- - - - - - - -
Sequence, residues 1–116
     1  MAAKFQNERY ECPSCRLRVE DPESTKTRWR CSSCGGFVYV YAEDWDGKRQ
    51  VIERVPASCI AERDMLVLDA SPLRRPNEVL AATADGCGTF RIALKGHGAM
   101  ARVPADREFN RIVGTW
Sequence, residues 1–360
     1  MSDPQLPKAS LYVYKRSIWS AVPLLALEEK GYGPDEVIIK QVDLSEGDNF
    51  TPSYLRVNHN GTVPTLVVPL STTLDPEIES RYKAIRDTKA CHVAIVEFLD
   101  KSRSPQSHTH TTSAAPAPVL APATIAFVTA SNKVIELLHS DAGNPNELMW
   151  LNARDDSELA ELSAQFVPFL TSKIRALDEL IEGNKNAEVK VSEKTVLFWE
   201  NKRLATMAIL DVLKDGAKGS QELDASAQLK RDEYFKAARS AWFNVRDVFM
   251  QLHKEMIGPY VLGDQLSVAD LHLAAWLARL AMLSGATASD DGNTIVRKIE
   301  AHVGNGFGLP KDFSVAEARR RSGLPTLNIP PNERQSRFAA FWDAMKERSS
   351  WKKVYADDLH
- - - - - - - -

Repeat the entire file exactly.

Sequence, residues 1–116
     1  MAAKFQNERY ECPSCRLRVE DPESTKTRWR CSSCGGFVYV YAEDWDGKRQ
    51  VIERVPASCI AERDMLVLDA SPLRRPNEVL AATADGCGTF RIALKGHGAM
   101  ARVPADREFN RIVGTW
Sequence, residues 1–360
     1  MSDPQLPKAS LYVYKRSIWS AVPLLALEEK GYGPDEVIIK QVDLSEGDNF
    51  TPSYLRVNHN GTVPTLVVPL STTLDPEIES RYKAIRDTKA CHVAIVEFLD
   101  KSRSPQSHTH TTSAAPAPVL APATIAFVTA SNKVIELLHS DAGNPNELMW
   151  LNARDDSELA ELSAQFVPFL TSKIRALDEL IEGNKNAEVK VSEKTVLFWE
   201  NKRLATMAIL DVLKDGAKGS QELDASAQLK RDEYFKAARS AWFNVRDVFM
   251  QLHKEMIGPY VLGDQLSVAD LHLAAWLARL AMLSGATASD DGNTIVRKIE
   301  AHVGNGFGLP KDFSVAEARR RSGLPTLNIP PNERQSRFAA FWDAMKERSS
   351  WKKVYADDLH